TL;DR: The authors explored the relationship between post-dramatic theatre and ecriture feminine using a practice-as-research methodology and found that postdramastic theatre has the potential to be -and thus frequently is -feminine.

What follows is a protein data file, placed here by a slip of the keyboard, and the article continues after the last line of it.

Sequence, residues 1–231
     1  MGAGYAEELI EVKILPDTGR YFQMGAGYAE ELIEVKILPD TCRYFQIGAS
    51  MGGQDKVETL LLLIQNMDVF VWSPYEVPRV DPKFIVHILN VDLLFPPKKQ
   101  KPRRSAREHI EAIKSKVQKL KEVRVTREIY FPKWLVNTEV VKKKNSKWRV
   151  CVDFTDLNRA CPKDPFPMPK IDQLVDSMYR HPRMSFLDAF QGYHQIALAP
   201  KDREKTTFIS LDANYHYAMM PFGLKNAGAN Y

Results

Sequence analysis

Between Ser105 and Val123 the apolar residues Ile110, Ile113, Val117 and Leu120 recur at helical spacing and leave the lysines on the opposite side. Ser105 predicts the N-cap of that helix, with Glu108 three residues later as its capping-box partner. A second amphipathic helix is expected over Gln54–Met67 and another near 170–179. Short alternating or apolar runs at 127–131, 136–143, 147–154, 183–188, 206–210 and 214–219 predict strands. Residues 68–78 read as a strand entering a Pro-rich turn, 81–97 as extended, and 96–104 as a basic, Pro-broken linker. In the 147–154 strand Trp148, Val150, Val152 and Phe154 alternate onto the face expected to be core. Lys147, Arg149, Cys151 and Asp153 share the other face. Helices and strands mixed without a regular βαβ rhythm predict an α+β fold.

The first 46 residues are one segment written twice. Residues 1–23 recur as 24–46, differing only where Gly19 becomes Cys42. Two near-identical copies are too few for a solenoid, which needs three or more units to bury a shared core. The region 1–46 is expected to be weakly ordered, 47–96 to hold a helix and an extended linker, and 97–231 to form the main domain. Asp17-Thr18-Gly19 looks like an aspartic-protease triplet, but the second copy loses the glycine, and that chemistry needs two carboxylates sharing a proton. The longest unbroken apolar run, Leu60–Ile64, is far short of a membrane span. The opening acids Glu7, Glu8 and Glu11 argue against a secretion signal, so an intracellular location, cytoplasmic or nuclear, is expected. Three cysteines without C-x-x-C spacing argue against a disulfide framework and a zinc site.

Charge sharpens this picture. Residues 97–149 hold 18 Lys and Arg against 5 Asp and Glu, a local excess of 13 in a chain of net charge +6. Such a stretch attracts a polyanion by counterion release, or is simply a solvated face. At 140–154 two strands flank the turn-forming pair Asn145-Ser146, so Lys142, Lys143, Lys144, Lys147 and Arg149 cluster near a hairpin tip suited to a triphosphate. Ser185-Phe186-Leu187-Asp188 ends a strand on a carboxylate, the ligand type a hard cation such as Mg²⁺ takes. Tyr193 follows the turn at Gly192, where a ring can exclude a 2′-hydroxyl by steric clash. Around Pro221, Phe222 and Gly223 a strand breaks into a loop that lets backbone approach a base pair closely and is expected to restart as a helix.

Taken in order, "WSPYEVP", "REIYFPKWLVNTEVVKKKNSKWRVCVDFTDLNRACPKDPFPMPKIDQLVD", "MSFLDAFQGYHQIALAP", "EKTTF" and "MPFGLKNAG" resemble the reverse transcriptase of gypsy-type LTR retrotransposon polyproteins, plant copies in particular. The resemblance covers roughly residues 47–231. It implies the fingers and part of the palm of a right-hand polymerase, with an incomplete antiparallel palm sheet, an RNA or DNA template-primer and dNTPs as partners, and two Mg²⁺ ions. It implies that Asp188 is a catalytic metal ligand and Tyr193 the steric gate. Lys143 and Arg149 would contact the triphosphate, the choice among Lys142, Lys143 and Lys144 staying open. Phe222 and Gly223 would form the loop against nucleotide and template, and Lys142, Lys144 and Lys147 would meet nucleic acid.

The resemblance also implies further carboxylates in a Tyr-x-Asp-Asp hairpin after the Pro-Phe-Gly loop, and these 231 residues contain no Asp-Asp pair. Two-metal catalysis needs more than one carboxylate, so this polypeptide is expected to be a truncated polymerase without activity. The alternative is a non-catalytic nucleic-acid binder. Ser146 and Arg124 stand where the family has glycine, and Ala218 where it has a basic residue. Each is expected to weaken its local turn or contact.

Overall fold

Abstract: This thesis explores the relationship between postdramatic theatre and ecriture feminine using a practice-as-research methodology. Its claim is that Helene Cixous’s ecriture feminine is revitalised as a source for feminist theatre studies through the emergence of postdramatic theatre. The project’s practice-led research identified and extracted principles from Cixous’s prose writing that are especially compelling for theatre and explored these through laboratory practice. The primary sources for doing this were Cixous’s novels Inside (1969) and The Book of Promethea (1983), as well as her writing on Clarice Lispector. The exploration of these materials was a creative and transformative activity that identified equivalent strategies between the two media – prose writing and theatre – while at the same time revealing significant differences and tensions. The practice is documented in the thesis via research logs and video evidence. The written reflection draws attention to the specific potentialities that theatre brings to ecriture feminine and discusses how the outcomes of the practice-led research resonate with postdramatic aesthetics. While the research findings accumulated strategically across the series of three performances, and the performances built upon each other iteratively, each of the findings chapters focuses in detail on one aspect of the practice: specifically, semiotics, dramaturgy and feminine epistemology. By pinpointing and discussing nodal points at which postdramatic practices and ecriture feminine intersect, this thesis aims to show that postdramatic theatre has the potential to be – and thus frequently is – feminine. Indeed, the overall aim of this thesis is to advance the emerging field of study of feminism in postdramatic theatre by exploring the feminine potential of postdramatic theatre and proposing that Cixous’s ecriture feminine offers a way of framing the poetics of postdramatic theatre in relation to feminist politics. The findings have potential utility for theatre-makers seeking a feminist method in the postdramatic as well as scholars of postdramatic theatre and feminism.